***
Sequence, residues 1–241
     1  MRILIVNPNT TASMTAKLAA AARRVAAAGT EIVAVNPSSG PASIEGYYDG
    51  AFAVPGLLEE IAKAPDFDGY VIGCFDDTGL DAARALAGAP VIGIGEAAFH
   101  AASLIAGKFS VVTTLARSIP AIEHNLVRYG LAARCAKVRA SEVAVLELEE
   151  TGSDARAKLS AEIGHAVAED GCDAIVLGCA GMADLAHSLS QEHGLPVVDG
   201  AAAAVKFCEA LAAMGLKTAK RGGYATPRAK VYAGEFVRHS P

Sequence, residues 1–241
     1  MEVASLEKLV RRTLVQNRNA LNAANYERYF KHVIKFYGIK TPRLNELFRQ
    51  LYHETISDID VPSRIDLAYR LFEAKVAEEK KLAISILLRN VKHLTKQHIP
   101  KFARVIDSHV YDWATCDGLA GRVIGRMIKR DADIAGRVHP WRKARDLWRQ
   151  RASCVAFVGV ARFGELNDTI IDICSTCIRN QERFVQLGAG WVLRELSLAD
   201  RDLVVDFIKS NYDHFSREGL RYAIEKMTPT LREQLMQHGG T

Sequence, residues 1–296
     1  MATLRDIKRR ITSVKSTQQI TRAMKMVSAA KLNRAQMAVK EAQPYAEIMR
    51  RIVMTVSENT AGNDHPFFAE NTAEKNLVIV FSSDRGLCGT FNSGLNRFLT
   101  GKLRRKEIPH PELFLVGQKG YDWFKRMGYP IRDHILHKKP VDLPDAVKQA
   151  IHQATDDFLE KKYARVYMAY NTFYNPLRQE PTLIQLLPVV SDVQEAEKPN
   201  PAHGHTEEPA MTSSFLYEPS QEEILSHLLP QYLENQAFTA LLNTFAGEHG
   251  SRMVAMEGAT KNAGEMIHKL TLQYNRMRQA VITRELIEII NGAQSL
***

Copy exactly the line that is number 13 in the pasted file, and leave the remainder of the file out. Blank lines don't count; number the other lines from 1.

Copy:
Sequence, residues 1–296